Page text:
providing a plurality of trail markers that activate by illuminating the trail markers when said light signal from said light transmitter shines thereon and deactivate when said light signal is absent, wherein each of said trail markers contains a housing and a spike that extends from said housing;
placing said trail markers at positions along a selected trail;
providing an authorized person with said light transmitter; and
having said authorized person travel along said selected trail shining said light transmitter, wherein said trail markers in direct sight of said light transmitter activate.
9. The method according to claim 8, wherein each of said trail markers contains signal detector supported by said housing that detects said light signal, and a light source that shines light away from said housing when activated, wherein said light source becomes activated when said signal detector detects said light signal.
10. The method according to claim 8, wherein each of said trail markers contains signal detector supported by said housing that detects said light signal, and a noise generator that produces an audible sound when activated, wherein said noise generator becomes activated when said signal detector detects said light signal.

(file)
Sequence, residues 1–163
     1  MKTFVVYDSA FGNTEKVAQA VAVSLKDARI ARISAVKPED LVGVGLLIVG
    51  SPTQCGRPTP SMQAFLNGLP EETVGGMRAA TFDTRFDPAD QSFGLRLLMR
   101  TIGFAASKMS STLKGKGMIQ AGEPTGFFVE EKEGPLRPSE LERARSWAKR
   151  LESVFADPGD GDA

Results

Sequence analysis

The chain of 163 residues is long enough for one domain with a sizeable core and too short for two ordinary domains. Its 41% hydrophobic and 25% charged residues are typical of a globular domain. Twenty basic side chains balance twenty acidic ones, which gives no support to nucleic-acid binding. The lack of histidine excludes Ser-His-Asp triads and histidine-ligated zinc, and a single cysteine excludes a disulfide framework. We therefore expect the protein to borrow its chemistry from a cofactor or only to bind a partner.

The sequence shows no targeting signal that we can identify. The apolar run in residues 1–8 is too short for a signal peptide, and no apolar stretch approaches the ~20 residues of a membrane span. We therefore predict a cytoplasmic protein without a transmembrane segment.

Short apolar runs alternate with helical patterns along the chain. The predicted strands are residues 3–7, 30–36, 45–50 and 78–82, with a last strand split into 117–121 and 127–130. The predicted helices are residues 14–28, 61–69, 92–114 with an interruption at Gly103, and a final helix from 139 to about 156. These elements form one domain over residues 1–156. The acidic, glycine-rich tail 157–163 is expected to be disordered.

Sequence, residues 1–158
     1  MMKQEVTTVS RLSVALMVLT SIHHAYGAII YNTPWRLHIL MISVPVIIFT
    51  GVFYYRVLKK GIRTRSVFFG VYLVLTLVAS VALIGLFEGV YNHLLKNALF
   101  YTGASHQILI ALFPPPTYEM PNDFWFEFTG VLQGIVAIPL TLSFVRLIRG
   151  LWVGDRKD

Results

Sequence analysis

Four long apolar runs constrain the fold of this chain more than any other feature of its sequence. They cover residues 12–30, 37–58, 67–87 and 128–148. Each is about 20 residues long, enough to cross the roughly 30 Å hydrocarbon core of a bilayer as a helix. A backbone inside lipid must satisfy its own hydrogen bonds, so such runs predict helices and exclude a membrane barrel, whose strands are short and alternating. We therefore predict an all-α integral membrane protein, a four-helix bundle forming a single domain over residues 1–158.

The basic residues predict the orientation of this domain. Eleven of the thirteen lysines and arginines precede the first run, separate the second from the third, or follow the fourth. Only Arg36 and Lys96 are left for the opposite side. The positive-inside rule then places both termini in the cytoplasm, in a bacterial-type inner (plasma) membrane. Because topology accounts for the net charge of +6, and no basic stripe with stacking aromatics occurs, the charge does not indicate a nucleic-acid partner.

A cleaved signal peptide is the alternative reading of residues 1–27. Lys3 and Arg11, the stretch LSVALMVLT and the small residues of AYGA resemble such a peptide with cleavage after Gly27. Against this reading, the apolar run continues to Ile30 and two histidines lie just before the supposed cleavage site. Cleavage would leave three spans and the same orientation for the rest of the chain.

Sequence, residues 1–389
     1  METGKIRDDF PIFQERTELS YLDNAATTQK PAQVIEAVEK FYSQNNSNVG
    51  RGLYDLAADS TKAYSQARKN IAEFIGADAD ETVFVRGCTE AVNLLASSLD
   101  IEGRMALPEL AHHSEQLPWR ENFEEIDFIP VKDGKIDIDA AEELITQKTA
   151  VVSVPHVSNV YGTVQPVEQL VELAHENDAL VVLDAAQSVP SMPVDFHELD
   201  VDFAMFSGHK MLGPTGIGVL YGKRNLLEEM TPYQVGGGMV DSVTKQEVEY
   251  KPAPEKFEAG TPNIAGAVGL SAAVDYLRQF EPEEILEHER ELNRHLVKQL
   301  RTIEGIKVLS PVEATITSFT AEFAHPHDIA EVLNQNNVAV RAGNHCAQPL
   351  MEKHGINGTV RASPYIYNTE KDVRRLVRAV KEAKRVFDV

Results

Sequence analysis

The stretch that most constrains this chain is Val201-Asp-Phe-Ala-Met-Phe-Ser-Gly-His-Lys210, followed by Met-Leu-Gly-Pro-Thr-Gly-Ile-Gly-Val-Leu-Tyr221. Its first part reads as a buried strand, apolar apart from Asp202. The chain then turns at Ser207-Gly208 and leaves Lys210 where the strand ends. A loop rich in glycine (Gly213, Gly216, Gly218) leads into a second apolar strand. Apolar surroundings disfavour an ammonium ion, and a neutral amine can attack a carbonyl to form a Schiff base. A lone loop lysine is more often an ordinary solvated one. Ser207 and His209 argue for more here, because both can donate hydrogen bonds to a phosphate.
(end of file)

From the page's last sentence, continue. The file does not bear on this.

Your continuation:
11. The method according to claim 9, wherein each said housing has a volume of less than one cubic inch.
12. The method according to claim 9, wherein each said spike is between ¼ of an inch and one inch long.
13. The method according to claim 8, wherein said light signal is an infrared signal.
14. The method according to claim 8, wherein said housing has an exterior surface that is camouflaged.
15. A trail marking kit, comprising;